Res­cu­ing wildlife

The Irish Times - Weekend Review - - OUTDOORS - SYLVIA THOMP­SON

When you come across an in­jured bird or wild an­i­mal, it can be dif­fi­cult to know whether to in­ter­vene or not.

Some­times, you might be wor­ried that you’ll be bit­ten for your ef­forts or that you might catch a dis­ease from the an­i­mal. At other times, you might not be sure whether the an­i­mal needs hu­man help or not. These con­cerns and many more will be ad­dressed at the Ir­ish Wildlife Re­ha­bil­i­ta­tion con­fer­ence on the Rock Farm, Slane, Co Meath on Satur­day, Oc­to­ber 27th.

Ex­perts will ex­plain how to do first aid on wild birds and an­i­mals and how to look af­ter aban­doned baby an­i­mals once you es­tab­lish that they are def­i­nitely aban­doned. Wildlife Re­ha­bil­i­ta­tion Ire­land is an um­brella or­gan­i­sa­tion which pro­motes wildlife re­ha­bil­i­ta­tion and sup­port­ing the var­i­ous other wildlife re­ha­bil­i­ta­tors who work in this field in Ire­land. wri.ie.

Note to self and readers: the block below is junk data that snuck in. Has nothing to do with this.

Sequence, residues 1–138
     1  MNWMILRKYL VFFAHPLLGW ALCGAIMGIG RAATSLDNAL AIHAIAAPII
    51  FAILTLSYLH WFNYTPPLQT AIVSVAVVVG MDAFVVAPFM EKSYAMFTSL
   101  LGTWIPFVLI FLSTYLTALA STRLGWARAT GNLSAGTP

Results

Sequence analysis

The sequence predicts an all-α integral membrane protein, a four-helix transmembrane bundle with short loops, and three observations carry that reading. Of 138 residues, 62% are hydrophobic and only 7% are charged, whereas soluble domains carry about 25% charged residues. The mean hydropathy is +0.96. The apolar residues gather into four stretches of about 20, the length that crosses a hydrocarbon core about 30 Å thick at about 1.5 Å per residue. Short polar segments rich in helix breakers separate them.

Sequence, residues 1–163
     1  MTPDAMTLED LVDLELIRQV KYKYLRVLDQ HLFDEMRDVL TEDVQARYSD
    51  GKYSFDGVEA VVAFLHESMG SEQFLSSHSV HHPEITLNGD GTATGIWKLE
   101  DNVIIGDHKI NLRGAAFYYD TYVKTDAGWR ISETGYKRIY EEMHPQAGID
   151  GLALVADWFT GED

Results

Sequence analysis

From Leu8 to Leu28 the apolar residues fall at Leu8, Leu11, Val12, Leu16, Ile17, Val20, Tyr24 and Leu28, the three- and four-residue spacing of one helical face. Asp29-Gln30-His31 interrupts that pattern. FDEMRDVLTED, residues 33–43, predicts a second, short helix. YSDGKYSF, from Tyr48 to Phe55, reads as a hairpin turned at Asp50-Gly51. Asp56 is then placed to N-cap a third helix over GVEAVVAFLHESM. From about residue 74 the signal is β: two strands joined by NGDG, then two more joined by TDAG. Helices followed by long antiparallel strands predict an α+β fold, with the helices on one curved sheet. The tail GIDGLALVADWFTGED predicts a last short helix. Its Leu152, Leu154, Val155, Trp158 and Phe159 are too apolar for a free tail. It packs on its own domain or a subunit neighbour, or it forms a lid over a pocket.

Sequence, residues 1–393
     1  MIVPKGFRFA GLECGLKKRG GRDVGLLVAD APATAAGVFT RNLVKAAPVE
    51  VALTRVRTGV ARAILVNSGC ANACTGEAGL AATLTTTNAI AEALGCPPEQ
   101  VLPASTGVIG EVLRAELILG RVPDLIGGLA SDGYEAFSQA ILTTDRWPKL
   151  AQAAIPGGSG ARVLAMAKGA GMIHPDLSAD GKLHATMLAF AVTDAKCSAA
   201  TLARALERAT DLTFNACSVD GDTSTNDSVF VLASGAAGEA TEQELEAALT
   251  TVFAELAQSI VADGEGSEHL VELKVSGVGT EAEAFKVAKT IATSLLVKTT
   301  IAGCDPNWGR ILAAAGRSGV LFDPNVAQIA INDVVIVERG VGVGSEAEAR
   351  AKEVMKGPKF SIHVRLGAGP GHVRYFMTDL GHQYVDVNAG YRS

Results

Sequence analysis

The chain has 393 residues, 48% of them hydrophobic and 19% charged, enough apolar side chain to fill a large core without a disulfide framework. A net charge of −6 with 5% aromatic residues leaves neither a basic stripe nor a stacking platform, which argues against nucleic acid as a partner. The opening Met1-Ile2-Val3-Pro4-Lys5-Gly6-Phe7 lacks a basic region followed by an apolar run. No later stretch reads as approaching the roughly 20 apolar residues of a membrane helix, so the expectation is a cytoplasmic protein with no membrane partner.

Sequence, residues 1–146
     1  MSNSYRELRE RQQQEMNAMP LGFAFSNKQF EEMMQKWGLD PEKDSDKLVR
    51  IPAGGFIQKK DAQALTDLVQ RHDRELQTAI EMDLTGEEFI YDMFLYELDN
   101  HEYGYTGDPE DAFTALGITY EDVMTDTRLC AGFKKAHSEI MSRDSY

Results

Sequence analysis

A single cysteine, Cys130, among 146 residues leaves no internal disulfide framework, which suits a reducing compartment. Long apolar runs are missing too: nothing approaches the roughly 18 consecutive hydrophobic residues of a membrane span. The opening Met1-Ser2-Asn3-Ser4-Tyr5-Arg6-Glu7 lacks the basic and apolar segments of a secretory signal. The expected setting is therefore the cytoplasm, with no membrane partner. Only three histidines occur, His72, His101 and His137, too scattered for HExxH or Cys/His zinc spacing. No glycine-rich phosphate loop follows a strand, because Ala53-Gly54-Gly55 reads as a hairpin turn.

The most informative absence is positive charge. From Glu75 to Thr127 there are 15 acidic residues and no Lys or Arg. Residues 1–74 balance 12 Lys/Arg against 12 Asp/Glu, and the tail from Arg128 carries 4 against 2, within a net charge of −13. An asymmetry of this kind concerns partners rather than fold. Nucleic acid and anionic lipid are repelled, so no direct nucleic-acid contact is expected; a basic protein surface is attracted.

See also irish­wildlife­mat­ters.ie for guid­ance on what you should and shouldn’t do when you come across an in­jured bird or an­i­mal.

You might be wor­ried that you’ll be bit­ten for your ef­forts or that you might catch a dis­ease from the an­i­mal

PHO­TO­GRAPH: STEVE BACK/GETTY IM­AGES

A fox walks past 10 Down­ing Street, Lon­don with a in­jury to his front left leg ear­lier this year.

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